Thomas Friedman has some questions for Dick Cheney:
Big Talk, Little Will. by Thomas L. Friedman, Commentary, NY Times: The defeat of Senator Joe Lieberman by the upstart antiwar Democrat Ned Lamont has sparked a firestorm of debate about the direction of the Democratic Party. My own heart is with those Democrats who worry that just calling for a pullout from Iraq, while it may be necessary, is not a sufficient response to the biggest threat to open societies today — violent, radical Islam. Unless Democrats persuade voters ... that they understand this larger challenge, it’s going to be hard for them to win the presidency.
That said, though, the Democratic mainstream is nowhere near as dovish as critics depict. Truth be told, some of the most constructive, on-the-money criticism over the past three years about ... Iraq or ... the broader “war on terrorism” has come from Democrats, like Joe Biden, Carl Levin, Hillary Clinton, John Kerry and Bill Clinton.
But whatever you think of the Democrats, the important point is this: They are not the party in power today.
What should really worry the country is not whether the Democrats are being dragged to the left by antiwar activists... What should worry the country is that the Bush team and the Republican Party, which control all the levers of power..., are in total denial about where their strategy has led.
Besides a few mavericks..., how many Republicans have stood up and questioned the decision-making that has turned the Iraq war into a fiasco ... instead of just mindlessly applauding the administration[?]... Not only is there no honest self-criticism among Republicans, but — and this is truly contemptible — you have Dick Cheney & Friends focusing their public remarks on why Mr. Lamont’s defeat of Mr. Lieberman only proves that Democrats do not understand that we are in a titanic struggle with “Islamic fascists” and are therefore unfit to lead.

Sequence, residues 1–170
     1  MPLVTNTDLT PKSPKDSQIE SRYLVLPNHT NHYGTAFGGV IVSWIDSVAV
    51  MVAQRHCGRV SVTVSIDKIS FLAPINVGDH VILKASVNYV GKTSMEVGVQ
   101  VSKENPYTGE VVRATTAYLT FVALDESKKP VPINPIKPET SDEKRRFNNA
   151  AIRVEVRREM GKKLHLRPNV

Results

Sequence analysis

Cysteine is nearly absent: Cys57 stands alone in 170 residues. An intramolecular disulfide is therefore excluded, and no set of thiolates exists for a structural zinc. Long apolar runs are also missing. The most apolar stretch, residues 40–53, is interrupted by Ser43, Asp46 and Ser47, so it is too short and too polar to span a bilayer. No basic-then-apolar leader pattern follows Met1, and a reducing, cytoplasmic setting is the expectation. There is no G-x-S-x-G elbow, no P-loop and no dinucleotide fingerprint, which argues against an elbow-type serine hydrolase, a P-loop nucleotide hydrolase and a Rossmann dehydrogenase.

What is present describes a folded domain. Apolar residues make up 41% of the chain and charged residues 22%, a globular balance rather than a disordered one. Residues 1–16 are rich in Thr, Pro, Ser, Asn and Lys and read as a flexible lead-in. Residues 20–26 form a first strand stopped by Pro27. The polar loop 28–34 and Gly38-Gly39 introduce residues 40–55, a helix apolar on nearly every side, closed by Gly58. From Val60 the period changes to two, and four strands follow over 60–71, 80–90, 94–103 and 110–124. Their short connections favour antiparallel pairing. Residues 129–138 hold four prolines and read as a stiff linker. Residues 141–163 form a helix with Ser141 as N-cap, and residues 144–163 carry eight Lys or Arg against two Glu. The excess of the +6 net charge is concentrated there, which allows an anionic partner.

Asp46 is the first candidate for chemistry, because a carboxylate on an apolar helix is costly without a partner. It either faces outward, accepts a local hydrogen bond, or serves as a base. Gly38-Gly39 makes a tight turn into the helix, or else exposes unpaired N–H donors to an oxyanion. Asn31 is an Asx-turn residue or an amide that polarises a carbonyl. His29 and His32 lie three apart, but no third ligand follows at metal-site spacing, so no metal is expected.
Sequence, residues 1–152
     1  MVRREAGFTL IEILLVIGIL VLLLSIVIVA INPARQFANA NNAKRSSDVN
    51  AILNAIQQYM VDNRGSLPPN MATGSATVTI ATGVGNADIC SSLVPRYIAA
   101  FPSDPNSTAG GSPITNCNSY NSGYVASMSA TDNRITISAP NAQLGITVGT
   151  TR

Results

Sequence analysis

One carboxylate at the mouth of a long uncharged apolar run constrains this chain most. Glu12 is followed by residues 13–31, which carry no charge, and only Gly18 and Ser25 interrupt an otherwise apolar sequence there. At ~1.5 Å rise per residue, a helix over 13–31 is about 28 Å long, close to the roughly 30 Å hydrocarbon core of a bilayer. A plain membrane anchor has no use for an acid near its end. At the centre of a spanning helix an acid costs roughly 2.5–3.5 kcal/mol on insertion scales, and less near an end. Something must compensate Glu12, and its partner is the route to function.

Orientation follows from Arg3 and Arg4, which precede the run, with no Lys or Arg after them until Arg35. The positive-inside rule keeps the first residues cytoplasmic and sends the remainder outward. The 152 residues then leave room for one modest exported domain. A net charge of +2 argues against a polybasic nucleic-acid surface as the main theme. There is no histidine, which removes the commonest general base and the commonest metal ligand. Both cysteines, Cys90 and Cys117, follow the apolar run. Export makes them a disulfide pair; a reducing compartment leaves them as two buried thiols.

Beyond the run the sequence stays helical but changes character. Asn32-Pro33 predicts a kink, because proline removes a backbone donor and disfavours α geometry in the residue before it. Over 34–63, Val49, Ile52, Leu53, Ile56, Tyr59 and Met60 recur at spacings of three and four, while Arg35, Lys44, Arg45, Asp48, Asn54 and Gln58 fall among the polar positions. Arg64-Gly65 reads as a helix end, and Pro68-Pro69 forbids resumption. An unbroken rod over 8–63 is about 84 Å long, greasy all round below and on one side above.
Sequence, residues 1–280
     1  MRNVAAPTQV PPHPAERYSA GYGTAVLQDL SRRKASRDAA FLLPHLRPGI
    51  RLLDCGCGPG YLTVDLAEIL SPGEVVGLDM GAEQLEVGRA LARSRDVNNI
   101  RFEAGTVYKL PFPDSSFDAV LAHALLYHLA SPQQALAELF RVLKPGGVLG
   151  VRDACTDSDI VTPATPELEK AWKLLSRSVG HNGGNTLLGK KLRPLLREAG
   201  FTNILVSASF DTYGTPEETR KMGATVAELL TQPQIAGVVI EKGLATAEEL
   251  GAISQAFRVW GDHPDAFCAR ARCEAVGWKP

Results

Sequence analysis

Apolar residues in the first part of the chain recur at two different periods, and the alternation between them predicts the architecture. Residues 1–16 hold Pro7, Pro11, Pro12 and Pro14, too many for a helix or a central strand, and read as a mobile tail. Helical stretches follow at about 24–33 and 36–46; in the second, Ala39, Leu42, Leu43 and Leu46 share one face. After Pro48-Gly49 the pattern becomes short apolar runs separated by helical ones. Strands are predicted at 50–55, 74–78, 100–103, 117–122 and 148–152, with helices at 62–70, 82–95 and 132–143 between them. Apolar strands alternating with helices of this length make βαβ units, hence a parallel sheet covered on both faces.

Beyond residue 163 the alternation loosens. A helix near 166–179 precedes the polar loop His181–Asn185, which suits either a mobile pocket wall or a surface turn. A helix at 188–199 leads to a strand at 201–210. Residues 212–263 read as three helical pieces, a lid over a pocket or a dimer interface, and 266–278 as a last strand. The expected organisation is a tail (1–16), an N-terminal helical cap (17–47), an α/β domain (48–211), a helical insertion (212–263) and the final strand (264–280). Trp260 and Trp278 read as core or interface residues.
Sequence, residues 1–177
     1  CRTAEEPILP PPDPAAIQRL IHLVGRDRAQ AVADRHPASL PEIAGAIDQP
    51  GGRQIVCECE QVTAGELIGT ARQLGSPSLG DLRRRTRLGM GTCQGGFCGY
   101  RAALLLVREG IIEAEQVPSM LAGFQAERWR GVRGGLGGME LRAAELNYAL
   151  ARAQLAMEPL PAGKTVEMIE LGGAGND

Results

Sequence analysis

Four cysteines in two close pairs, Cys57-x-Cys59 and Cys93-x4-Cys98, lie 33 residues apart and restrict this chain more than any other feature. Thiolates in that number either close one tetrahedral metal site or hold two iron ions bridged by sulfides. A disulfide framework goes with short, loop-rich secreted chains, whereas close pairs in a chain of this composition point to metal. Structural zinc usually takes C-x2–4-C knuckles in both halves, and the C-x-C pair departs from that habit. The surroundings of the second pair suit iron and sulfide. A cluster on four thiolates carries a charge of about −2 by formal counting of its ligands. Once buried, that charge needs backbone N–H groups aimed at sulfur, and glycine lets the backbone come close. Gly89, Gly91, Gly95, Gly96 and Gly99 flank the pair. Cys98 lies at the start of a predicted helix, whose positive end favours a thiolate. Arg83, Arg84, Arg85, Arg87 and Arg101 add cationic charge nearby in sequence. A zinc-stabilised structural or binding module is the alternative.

Oh, really? Well, I just have one question for Mr. Cheney: If we’re in such a titanic struggle with radical Islam, and if getting Iraq right is at the center of that struggle, why did you “tough guys” fight the Iraq war with the Rumsfeld Doctrine — just enough troops to lose — and not the Powell Doctrine of overwhelming force to create the necessary foundation of any democracy-building project, which is security? ...
Mr. Cheney, if we’re in a titanic struggle with Islamic fascists, why do you constantly use the “war on terrorism” as a wedge issue in domestic politics to frighten voters away from Democrats. How are we going to sustain such a large, long-term struggle if we are a divided country?
Please, Mr. Cheney, spare us your flag-waving rhetoric about the titanic struggle we are in and how Democrats just don’t understand it. It is just so phony — such a patent ploy to divert Americans from the fact that you have never risen to the challenge of this war. You will the ends, but you won’t will the means. What a fraud! ...
[W]e are on a losing trajectory in Iraq... Yes, the Democrats could help by presenting a serious alternative. But unless the party in power for the next two and half years shakes free of its denial, we are in really, really big trouble.
I wonder, are things different this time, or will the terror card still play in the fall? They're planning to play it. According to the Financial Times,
The Bush administration plans to make counter-terrorism a centrepiece of the forthcoming midterm congressional elections following last week’s alleged foiled airline terror plot in the UK.
I'm beginning to think (hope?) that it might not work this time, but fear that it will.